So bad its good: the perversity of windows cut into window frames suggests a different order of architectural composition, as well as a weird tension between the old and new.
Why should bad building be quite so fascinating? This selection, from a collection on darkroastedblend document some of the most bizarre freaks of construction-gone-wrong – something like an architectural You’ve Been Framed. Sure, they are funny, but there is more to them than that. There is also something touching, poetic and ingenuity in overcoming some unknown problem of economics, miscommunication, or lack of foresight through optimism in the face of plain stupidity. And lets face it, we’ve all found ourselves facing equally challenging moments from time to time in any project. But equally, there is something distinctly disturbing and worrying.
It’s their wrongness that makes them so fascinating. They are mutations of architectural fundamentals – ropey foundations, weird windows, strangely placed doors, freakish stairs, Gordian Knots of plumbing, building gone badly wrong. They begin to suggest a whole language of congenital architectural defects: blind windows, amputated staircases, atheromatic corridors, conjoined structures – deformities and perversions of the normal architectural body.
Construction itself – the way you put stuff together, the layers of cladding, insulation, membranes, structure etc – are not simply convenient, practical and inevitable means of making a building, they are expressions of deep seated cultural beliefs. Organisation of structure, drainage, ventilation and so on are more than simply arrangements of components, they encode a belief system into the fabric of architecture.
Note how the chair acts as a step up to the door. The door-radiator-chair composition might suggest new architectural arrangements formed from diverse components.
‘God is in the detail’ actually means something more like ‘morality is in the detail’. The detail determines the specifics of how and where the enclosure and function of architecture is articulated and formed – and it expresses morality by defining socially acceptable standards of building. The detail brings decorum and articulates the interface between inside (the realm of civilised culture) and outside (the realm of wild, unsocialised nature).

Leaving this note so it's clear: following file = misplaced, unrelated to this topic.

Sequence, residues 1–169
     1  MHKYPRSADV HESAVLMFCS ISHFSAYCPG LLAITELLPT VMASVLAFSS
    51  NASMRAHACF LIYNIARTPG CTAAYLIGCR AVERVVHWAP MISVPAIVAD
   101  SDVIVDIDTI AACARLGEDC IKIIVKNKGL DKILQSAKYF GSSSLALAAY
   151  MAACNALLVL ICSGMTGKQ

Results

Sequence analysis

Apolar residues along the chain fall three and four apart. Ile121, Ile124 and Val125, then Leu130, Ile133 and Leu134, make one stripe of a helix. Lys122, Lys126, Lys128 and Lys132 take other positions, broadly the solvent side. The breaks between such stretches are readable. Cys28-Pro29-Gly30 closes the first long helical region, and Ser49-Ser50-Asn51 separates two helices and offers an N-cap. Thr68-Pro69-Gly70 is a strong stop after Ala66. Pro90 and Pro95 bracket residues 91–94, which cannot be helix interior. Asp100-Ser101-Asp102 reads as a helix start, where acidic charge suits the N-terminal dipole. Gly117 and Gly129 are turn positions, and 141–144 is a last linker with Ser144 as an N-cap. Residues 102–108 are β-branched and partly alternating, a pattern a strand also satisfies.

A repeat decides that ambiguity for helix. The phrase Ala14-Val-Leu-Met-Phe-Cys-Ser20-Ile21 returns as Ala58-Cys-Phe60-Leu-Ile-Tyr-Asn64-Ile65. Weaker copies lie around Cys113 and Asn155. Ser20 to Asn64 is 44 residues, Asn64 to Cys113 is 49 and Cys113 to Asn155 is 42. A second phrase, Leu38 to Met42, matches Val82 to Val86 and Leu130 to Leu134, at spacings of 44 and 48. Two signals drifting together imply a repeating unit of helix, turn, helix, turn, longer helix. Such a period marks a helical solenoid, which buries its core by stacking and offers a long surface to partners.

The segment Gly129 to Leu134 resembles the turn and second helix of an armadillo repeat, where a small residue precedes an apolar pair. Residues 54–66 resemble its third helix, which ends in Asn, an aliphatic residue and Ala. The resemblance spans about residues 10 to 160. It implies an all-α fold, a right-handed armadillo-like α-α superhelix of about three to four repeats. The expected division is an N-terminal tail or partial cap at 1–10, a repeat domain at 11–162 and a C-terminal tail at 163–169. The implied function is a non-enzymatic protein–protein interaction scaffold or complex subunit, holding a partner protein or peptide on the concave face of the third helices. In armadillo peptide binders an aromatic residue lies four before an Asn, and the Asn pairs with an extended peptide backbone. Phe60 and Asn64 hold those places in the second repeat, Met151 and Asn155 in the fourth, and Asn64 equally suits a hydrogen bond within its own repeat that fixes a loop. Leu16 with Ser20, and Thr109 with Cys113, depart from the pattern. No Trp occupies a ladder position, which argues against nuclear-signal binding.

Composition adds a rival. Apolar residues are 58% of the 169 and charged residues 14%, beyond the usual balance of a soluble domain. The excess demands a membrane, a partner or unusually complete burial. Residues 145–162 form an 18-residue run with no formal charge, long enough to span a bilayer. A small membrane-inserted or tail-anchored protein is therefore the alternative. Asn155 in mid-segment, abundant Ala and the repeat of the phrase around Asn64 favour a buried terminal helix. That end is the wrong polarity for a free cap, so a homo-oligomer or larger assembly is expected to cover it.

We see, for example, a soil pipe running through the middle of a room, articulated as though it were a significant architectural moment. And in a sense the pipe that’s used to exit sewage from buildings is super significant and as worthy of celebration as the means by which the building deals with gravity.
In another case, a balcony on a new apartment block appears without any means of access, attached to a blank wall – like false eyelashes attached to a blind window. In another, an old building seems propped up on some old oil drums – inducing a sense of panic at its seemingly imminent collapse – articulating the latent disaster that lurks within every building.
Form follows dysfunction – Construction ghosts curtailed possibilities in the form of stairs leading nowhere.
Bad construction challenges – albeit unconsciously – the civilising power of architecture. It’s disgusting and fascinating – a monstrous version of architecture: freakish, disfigured and wired up wrong like a patched together zombie and un-naturally animated. Such extreme badness surprisingly reveals how architecture manifests morality. Through its most outlandish errors, it suggests that there might be other ways of organising construction – and that might mean architecture which enables explorations of alternative cultural ideas through the nuts and bolts of putting a building together.
A mistake becomes an ingenious conflation of private building with public street furniture – a new hybrid building form that emerges by accident.